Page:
Tuesday, January 25, 2011

Urbanism in Las Vegas: Hiding In Plain View?

An article out today in the Las Vegas Sun ponders the finding that suburban homes built in the city during the recent real estate boom seem to have little appeal for "Generation Y," which has gravitated toward urban living.  This apparently bodes poorly for the revival of the Las Vegas real estate market.  In the middle of the article, however, the author drops a surprising observation which is quickly passed by:
(Unfortunately, however, even many of our suburbs are not well-positioned compared with other cities. The mania for land during the boom led to extraordinarily dense developments — in essence urban neighborhoods plopped down in the suburbs — with houses on top of one another, paired with a dearth of decent amenities such as parks.)
So perhaps Las Vegas is not suffering from a lack of urban neighborhoods after all.  There seems to be a mix-up here in terminology, with confusion as to whether "suburban" describes a) a type of house, b) the form of a neighborhood, c) the (lack of) amenities in a neighborhood or d) the location of a neighborhood within the metro area.  But if the form of a neighborhood is "extraordinarily dense," and dense by way of many small lots on reasonably well-connected streets, the essential physical prerequisites for an urban neighborhood arguably are met.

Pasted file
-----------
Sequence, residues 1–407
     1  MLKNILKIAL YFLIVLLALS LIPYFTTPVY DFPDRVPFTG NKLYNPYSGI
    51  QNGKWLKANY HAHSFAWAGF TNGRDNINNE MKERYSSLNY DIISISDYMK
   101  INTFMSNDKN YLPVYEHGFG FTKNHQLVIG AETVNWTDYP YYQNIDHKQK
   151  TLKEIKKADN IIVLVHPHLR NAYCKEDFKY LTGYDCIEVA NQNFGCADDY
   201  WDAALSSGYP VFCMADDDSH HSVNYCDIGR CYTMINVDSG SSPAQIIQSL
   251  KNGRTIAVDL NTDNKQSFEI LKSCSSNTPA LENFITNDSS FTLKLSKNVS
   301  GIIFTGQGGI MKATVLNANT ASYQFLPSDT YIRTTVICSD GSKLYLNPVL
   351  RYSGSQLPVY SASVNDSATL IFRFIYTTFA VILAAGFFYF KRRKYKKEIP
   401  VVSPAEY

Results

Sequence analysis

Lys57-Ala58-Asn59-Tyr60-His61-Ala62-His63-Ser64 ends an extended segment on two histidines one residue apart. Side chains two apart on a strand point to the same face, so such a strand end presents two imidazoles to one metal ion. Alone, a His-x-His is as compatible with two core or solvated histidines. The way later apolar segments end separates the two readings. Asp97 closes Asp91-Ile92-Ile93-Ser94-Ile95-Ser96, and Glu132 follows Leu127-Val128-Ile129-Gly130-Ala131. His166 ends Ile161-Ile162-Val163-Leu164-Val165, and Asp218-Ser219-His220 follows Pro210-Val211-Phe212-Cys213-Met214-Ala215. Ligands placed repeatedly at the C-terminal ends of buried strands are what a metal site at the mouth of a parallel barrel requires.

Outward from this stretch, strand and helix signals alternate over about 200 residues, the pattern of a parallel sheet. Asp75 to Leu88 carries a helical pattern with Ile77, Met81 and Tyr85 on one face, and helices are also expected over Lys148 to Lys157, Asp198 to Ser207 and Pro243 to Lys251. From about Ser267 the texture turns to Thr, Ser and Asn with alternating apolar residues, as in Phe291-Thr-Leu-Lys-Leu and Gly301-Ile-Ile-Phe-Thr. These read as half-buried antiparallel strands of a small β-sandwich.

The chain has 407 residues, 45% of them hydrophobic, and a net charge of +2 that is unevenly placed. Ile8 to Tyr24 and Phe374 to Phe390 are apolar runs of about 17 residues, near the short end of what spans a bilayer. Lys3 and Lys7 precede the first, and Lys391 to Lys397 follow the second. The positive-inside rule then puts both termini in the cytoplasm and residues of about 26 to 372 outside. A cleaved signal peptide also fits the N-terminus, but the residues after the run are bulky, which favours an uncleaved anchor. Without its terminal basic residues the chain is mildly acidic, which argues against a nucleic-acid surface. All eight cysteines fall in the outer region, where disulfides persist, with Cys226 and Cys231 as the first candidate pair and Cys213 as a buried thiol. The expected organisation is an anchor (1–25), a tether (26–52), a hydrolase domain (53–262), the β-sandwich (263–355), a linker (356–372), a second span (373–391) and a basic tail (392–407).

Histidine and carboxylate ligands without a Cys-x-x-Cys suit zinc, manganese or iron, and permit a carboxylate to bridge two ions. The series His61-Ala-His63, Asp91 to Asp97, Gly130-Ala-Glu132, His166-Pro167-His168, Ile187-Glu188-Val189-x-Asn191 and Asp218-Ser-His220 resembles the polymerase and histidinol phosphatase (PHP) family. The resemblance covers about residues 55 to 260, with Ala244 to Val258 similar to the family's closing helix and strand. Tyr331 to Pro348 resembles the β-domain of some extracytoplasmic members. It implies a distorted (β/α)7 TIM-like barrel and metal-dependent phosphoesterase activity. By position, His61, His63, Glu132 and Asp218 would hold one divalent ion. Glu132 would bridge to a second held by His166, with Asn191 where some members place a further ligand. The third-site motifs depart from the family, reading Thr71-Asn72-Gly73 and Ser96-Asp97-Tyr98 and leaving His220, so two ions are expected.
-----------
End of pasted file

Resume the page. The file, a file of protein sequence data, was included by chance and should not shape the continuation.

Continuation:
The author does note at toward the end the possibility of enlivening these neighborhoods by introducing non-residential uses the concept known as "retrofitting" that has been written about extensively.  But with the imprecise usage of "urban" and "suburban," it's easier to overlook those good urban qualities that may be right under our noses.


  1. Density doesn't help if it's all single-use. Being in a dense clump of residential units a mile from the nearest store is no better than being in a roomy clump a mile from the nearest store. You still have to drive everywhere.

  2. Thanks for the comment, Cambias. Though I agree with what you said, my point was that a certain level of density is the "sine qua non" of urbanism -- to introduce new uses requires only a zoning change, not a physical change. It may be a suburb on paper only.

    By contrast a large-lot suburban subdivision cannot easily be densified, nor will introducing a mix of uses make it much more walkable.

  3. The parenthesis you quote refers to the fact that LV has lots of apartments and very-small-lot homes built in completely car-dependent forms. In fact I often cite LV as a perfect case study for how you can build moderate density in a way that's still completely car-dependent.

    See for example the Goog Earth image a ways down in this post:


    Of course, the Strip is another matter. LV knows how to do walkable urbanism for tourists. See here:


    Cheers, Jarrett

  4. Jarrett -- thanks for commenting and for the link to that great post. I did note above that density alone is not sufficient for good urbanism, but that it also requires "reasonably well-connected streets." I did not come to any conclusion about whether Las Vegas meets that criterion in this particular post, but my thought was that these denser clusters might at least be retrofitted for better pedestrian circulation, if not mass transit access.

    The arterial-defined residential "squares" appear to contain sufficient population, and in sufficient proximity, to support retail use at the center, if pedestrians were in fact given the means to walk or bike directly to the center (rather than clambering over fences, berms, going through backyards, etc.)